Possible alternatives to fast enough trains

True electric high-speed rail can attain maximum operating speeds of 150 to 220 miles per hour, with average operating speeds from 120 to 200 miles per hour. These trains need their own grade-separated track structure, which means new alignments, which are expensive to build. In some places the property-acquisition problem may make a new alignment impossible, unless tunnels are used. True high speeds may be attained by the proposed Texas Central train from Dallas to Houston, and on some portions of the California High-Speed Rail line, should it ever be completed. All of the California line is to be electrified, but some sections will be conventional tracks so that average operating speeds will be lower.


Maglev technology is sometimes mentioned as the ultimate solution to attaining high-speed rail travel. A maglev train travels just above a guideway using magnetic levitation and is propelled by electromagnetic energy. There is an operating maglev train connecting the center of Shanghai to its Pudong International Airport. It can reach a top speed of 267 miles per hour, although its average speed is much lower, as the distance is short and most of the trip is spent getting up to speed or decelerating. The Chinese government has not, so far, used this technology in any other application while building a national system of long-distance, high-speed electric trains. However, there has been a recent announcement of a proposed Chinese maglev train that can attain speeds of 375 miles per hour.

The Hyperloop is a proposed technology that would, in theory, permit passenger trains to travel through large tubes from which all air has been evacuated, and would be even faster than today’s highest-speed trains. Elon Musk has formed a company to develop this virtually frictionless mode of travel, which would have speeds to make it competitive with medium- and even long-distance airplane travel. However, the Hyperloop technology is not yet ready to be applied to real travel situations, and the infrastructure to support it, whether an elevated system or a tunnel, will have all the problems of building conventional high-speed rail on separate guideways, and will also be even more expensive, as a tube has to be constructed as well as the train.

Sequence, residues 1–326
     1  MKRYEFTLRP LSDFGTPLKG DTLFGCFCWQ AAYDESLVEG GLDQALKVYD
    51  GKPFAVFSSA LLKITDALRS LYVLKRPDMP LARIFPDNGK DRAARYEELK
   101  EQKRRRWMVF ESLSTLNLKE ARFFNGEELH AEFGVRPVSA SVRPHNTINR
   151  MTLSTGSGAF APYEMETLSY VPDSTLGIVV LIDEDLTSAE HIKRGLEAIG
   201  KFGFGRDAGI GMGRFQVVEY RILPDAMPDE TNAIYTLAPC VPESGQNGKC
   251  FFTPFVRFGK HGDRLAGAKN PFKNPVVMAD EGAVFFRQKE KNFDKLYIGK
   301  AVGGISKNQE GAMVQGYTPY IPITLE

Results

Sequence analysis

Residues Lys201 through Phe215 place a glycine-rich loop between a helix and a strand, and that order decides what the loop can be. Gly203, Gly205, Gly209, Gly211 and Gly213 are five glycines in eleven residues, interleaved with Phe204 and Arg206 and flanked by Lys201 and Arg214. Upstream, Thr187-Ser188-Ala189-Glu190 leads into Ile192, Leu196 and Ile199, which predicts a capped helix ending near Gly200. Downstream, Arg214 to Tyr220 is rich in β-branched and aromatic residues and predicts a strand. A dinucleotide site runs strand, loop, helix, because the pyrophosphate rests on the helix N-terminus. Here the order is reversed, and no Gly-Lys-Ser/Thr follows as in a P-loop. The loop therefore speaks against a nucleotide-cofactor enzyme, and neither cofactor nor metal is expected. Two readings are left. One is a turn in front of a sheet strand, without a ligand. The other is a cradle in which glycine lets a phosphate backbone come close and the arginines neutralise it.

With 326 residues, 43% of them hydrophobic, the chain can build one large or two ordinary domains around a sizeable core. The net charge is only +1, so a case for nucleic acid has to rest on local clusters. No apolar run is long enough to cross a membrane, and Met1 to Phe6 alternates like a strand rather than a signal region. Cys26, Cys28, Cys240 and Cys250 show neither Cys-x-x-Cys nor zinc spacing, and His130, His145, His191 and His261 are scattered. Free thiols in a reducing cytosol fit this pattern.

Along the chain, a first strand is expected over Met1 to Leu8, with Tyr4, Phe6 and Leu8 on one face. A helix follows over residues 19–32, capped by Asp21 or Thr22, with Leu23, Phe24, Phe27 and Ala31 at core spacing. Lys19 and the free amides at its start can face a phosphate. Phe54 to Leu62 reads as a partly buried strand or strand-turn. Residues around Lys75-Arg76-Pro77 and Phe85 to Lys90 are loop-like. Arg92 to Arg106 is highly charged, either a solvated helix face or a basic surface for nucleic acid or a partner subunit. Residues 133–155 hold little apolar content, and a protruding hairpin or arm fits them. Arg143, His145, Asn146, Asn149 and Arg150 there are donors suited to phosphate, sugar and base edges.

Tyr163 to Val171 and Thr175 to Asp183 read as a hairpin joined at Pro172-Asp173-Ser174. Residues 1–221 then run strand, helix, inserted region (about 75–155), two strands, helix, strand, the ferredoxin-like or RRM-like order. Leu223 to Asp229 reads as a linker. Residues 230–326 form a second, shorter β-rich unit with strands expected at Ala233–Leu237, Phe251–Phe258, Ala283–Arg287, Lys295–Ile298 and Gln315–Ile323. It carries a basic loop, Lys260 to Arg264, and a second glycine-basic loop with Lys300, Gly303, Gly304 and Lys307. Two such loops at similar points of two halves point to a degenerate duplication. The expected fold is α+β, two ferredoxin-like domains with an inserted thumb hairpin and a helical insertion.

Megaregions need fast enough trains now

Even if new technology someday creates long-distance passenger trains with travel times competitive with airplanes, passenger traffic will still benefit from upgrading rail service to fast-enough trains for many of the trips within a megaregion, now and in the future. States already have the responsibility of financing passenger trains in megaregion rail corridors. Section 209 of the federal Passenger Rail Investment and Improvement Act of 2008 requires states to pay 85 percent of operating costs for all Amtrak routes of less than 750 miles (the legislation exempts the Northeast Corridor) as well as capital maintenance costs of the Amtrak equipment they use, plus support costs for such programs as safety and marketing.